Roque Renteria, Union philosopher
FILMS THAT SURPASS THEIR SOURCE MATERIAL
Whenever I talk to people about adaptations, they seem to ardently believe that when a book gets the Hollywood treatment it is destined to be an inauthentic misfire. I typically agree with this sentiment and I find it to be a truism. (Which reminds me, The Great Gatsby film that is coming out next month will suck. No question about it.) However, I think there are a few exceptions. Obviously, or else I would not have written this article. Anyway, the movie that I wholeheartedly believe surpasses the book in quality is Ridley Scott's sci-fi masterpiece Blade Runner.
Believe it or not, Blade Runner was a book before it became the greatest sci-fi film ever made. It was originally Do Androids Dream of Electric Sheep? by Philip K. Dick. Dick is widely regarded as one of the greatest writers of the 20th century and is one of the few writers whose work translates well onto the screen. His credits include: Total Recall, A Scanner Darkly, and Minority Report. All of these are excellent films by my standards.
But going back to Blade Runner, this movie is something else. It is one of the most thought-provoking movies of all time. Watching this movie makes me question my own existence and puts me in a Cartesian state of mind. Sometimes I wonder whether or not I am an actual person or a replicant designed by the Tyrell Corporation. Hallucinogens also do this, but I prefer the internal crisis incited by the film because Blade Runner does not leave me hungry afterwards and that is good because there is hardly ever anything to eat in my fridge and I do not want to make trips down to the grocery store when I am hungry. I get distracted because I am overwhelmed by starvation and end up getting a lot of unhealthy crap that I should not eat. A great movie replaces the need for exogenous substances. Blade Runner is that great movie.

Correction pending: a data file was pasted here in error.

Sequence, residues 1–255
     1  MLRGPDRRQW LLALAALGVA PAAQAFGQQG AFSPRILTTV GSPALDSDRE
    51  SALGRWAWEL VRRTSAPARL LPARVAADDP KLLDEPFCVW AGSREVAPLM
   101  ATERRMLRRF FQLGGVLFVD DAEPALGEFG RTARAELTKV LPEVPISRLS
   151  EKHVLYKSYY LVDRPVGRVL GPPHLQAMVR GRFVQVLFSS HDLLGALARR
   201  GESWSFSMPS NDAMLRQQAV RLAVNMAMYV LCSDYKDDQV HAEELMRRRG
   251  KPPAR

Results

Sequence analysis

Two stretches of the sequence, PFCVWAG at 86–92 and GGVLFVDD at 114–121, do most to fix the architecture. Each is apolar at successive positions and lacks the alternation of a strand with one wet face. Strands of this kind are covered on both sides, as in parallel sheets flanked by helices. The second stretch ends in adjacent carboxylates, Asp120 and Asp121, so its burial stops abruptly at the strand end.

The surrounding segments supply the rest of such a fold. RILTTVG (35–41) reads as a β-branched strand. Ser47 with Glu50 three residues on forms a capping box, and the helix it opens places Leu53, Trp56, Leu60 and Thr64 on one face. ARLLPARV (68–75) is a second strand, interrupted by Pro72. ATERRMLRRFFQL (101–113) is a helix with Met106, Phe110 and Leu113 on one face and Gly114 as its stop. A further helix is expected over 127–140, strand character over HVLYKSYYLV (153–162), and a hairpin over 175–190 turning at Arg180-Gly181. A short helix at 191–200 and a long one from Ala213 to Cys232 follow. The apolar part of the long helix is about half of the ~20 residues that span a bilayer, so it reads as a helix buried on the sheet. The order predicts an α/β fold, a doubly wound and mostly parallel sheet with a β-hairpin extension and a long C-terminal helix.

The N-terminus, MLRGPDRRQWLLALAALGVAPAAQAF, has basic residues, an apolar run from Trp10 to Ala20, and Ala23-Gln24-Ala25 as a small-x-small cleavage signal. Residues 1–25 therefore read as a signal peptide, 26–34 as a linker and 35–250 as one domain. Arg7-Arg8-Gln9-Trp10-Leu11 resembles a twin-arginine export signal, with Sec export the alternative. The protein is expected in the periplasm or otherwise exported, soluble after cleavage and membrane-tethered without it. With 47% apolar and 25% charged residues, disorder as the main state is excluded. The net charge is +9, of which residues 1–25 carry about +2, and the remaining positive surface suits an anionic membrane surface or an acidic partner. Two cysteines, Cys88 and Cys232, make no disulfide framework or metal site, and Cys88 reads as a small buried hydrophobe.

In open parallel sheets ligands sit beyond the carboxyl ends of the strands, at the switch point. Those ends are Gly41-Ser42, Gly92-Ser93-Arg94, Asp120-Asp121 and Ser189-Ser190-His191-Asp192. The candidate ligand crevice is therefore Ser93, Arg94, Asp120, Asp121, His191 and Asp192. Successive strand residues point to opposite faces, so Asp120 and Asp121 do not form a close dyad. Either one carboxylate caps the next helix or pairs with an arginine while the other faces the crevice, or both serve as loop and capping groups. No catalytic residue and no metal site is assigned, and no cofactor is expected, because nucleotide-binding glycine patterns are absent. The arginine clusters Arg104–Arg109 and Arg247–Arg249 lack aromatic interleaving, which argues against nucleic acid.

But do not take my word for it. Here is what Stephen Minger, a stem cell biologist at King's College London, had to say: "Blade Runner is the best movie ever made. It was so far ahead of its time and the whole premise of the story—what is it to be human and who are we, where we come from? It's the age-old questions." There is no doubt that Blade Runner has many philosophical themes but these claims are not legitimized until you hear them from an expert who has studied these subjects extensively as opposed to a punk-ass college kid who vomits verbal diarrhea onto paper. The comparison is unreal.
In closing, do not bother reading Do Androids Dream of Electric Sheep? because there is a better alternative. Although, to be fair, I have only read about half of the novel. I could not get through the entire thing. I am sorry, but once you have the cinematic image of Blade Runner stored in your mind it is hard to picture the same world when reading the Dick’s work. I might be wrong (I usually am) so disregard the first sentence of this paragraph and check out both the movie and the book and decide for yourself. And while doing so, you will realize that humans are capable of manipulating their environment through their understanding of science and this knowledge can lead to either progress or dystopia, depending on who holds the power—the people or the corporations? And analyses like these are how I earned the title of philosopher.